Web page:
The compression cycles of the cryocooler are visible in our interferometric signal at baseband (idc[t] in grey). We identify the cycles (red dotted lines) and postselect 300-ms-long intervals (indicator function in orange) of the time traces containing the particle motion (exemplary for ihom[t] in blue).
a, b, Measured magnitude (a) and phase (b) response of the experimentally used delay filter. The dotted, dashed, and dot-dashed vertical lines mark the location of the resonance frequency of motion along the z, x, and y axes, respectively.
Variance of the laser noise as a function of local oscillator power in homodyne detection. The variance, expressed in dB, is normalized to the variance of the electronic noise floor of the detector (grey). The dotted blue line provides a guide for the eye for the linear dependence between variance and power of the beam.
a, b, Stokes (a) and anti-Stokes (b) sidebands, at different electronic feedback gains, normalized to the estimated background level (grey line). Each sideband pair is simultaneously fitted to a theoretical model. c, Mechanical occupations (green squares) at different feedback gains. The black solid line is a theoretical model based on an ideal delay filter with parameters estimated from the in-loop spectra. The error bars are obtained by propagating the fit uncertainties (1 s.d.) of the areas.
a, b, Real (a) and imaginary (b) parts of cross-spectra, at different electronic feedback gains. Each pair is simultaneously fitted to a theoretical model and the results are shown as black lines. The grey line marks the zero as a reference. c, d, Fitted mechanical resonance frequency (c) and effective linewidth (d) at different electronic gains. e, Extracted mechanical occupations as a function of fitted effective linewidths. The black line is a theoretical model based on an ideal delay filter and on parameters estimated from the in-loop spectra. The error bars are obtained by the fit uncertainties (1 s.d.).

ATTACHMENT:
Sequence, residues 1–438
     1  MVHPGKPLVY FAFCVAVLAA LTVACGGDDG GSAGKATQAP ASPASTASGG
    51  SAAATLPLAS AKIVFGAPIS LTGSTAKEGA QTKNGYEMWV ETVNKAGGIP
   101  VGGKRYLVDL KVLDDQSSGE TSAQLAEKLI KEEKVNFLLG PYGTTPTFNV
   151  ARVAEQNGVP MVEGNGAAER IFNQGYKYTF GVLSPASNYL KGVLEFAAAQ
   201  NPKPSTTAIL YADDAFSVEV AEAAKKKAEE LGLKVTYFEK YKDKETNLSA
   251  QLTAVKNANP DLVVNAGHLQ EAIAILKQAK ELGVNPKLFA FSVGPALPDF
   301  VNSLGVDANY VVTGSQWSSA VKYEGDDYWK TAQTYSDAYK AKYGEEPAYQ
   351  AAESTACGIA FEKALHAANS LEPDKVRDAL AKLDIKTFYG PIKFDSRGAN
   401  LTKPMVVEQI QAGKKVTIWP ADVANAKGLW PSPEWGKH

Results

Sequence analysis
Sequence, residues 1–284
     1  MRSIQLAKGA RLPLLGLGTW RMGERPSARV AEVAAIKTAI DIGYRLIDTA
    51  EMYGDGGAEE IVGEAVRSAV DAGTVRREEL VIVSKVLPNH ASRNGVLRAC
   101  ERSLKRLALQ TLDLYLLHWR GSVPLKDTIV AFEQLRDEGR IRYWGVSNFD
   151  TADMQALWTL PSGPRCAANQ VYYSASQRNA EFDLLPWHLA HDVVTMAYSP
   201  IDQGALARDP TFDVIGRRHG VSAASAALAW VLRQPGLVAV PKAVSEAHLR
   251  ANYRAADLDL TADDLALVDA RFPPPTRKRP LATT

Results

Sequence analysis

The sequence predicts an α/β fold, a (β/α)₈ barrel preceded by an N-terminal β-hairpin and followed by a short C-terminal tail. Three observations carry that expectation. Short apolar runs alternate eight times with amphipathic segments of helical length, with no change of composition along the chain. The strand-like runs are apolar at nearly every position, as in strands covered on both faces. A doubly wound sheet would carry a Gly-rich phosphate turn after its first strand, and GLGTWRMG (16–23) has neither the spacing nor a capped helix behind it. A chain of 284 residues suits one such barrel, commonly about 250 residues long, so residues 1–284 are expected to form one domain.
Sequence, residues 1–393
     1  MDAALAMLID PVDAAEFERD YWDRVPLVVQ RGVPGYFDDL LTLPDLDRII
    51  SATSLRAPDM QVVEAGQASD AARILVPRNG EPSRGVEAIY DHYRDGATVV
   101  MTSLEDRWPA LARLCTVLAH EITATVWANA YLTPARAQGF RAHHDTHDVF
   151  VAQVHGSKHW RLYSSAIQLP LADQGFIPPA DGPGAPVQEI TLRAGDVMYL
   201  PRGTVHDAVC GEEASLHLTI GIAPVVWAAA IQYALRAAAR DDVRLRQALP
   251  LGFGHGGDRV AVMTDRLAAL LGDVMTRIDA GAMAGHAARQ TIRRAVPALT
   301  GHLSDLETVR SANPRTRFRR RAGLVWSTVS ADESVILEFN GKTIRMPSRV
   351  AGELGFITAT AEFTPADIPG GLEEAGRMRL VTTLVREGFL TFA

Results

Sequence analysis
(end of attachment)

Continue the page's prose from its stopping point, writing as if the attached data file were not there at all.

a, Reference displacement spectrum measured by the homodyne detector at the smallest feedback gain, with a fit to a model (black line). In light red we show the spectral features excluded from the fits. b, Fitted feedback gain, γeff, as a function of the experimentally tunable electronic gain gel. Coloured dots come from fitting the corresponding spectra shown in Fig. 3a. The black squares are the full-width at half-maximum extracted from the computed actual displacement spectra. The grey line is a guide for the eye, and represents the expected linear relation.
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Tebbenjohanns, F., Mattana, M.L., Rossi, M. et al. Quantum control of a nanoparticle optically levitated in cryogenic free space. Nature 595, 378–382 (2021). https://doi.org/10.1038/s41586-021-03617-w